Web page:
The desktop graphics game enters a new level as NVidia launches two new graphics processors – GeForce4 Titanium and GeForce4 MX. They are compatible with both Macs and Windows PCs, which is the first time the higher-end Titanium line has been available for the Mac. The company has also told Digit that an announcement on new additions to its Quadro line of workstation cards will happen "in a few weeks time".
The GeForce4 4600 Titanium's graphics-processing unit includes a 300MHz core clock, a 325MHz memory clock, and support for 128MB of 650MHz DDR SDRAM (an amount NVidia executives say future games will require). The chip also includes four independent 32-bit memory controllers, plus DirectX 8.1 compatibility – a bone of contention between ATI Technologies and Nvidia. Finally, it also features dual vertex shaders – a design gleaned from the company's work on Microsoft's X-box.
Graphics cards featuring the GeForce 4600 Titanium chip set are expected to sell for around £200-£270. Nvidia executives also say they plan to launch two other iterations of the Titanium chips with slower clock speeds that will appear on boards priced from around £130.
The consumer GeForce4 MX 460 offers many of the same features as the gamer-oriented GeForce4 Titanium chip, including a core clock speed of 300MHz. The MX also includes support for 64MB of 550MHz DDR SDRAM, full-scene antialiasing, and dual DVI or TV-out (depending on the card vendor). The company will also eventually ship two lower clock speed versions of the MX 460.
New to this line of chips is support for dual displays using nView technology, which lets you hook up any combination of up to two analog or digital monitors (including CRT and LCD monitors). Some boards will even let you hook up an analog or a digital monitor simultaneously with a TV. Software lets you customize and control both desktops, allowing you to configure the way the chip displays applications and windows on each.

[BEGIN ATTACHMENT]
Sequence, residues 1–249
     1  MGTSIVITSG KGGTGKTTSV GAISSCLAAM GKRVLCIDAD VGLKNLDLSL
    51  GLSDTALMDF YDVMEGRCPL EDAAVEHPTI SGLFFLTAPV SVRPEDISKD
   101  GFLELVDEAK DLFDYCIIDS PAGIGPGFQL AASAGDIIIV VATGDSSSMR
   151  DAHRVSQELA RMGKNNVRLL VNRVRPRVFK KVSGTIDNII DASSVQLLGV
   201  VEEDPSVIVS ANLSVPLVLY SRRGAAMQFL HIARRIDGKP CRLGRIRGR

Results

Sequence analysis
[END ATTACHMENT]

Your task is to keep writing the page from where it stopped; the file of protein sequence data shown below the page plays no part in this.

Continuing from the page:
In anticipation of the new chips, NVidia has already ceased manufacturing current MX 400 and 200 chips as well as recently released GeForce2 and GeForce3 Titanium chips.
Gamers have been waiting more than a year for games with DirectX 8 hardware acceleration. A year ago NVidia released its GeForce3 cards, which it claimed would support DirectX 8 hardware acceleration. However, games to support the standard have yet to arrive to this day.
The same thing happened with the GeForce3 Titanium 300 and 500 cards, which are now being "slowly and gracefully phased out," says Stephen Sims, senior product manager at NVidia. Sims says now that the next generation of cards is here Nvidia is counting on developers to create games that take advantage of the technology.
The company is confident that Star Wars online, Unreal Tournament II, Comanche 4 (with a high-resolution mode that only works with the GeForce4 Ti), and other games with DirectX 8.1 support will arrive shortly, Sims says. Now that both Nvidia and ATI chips are compatible with the same version of DirectX 8.1, games can be coded for both cards instead of one or the other.
"[DirectX] 8.1 gives everyone a chance to stabilize," Sims says. "Developers are trying to create a common code base."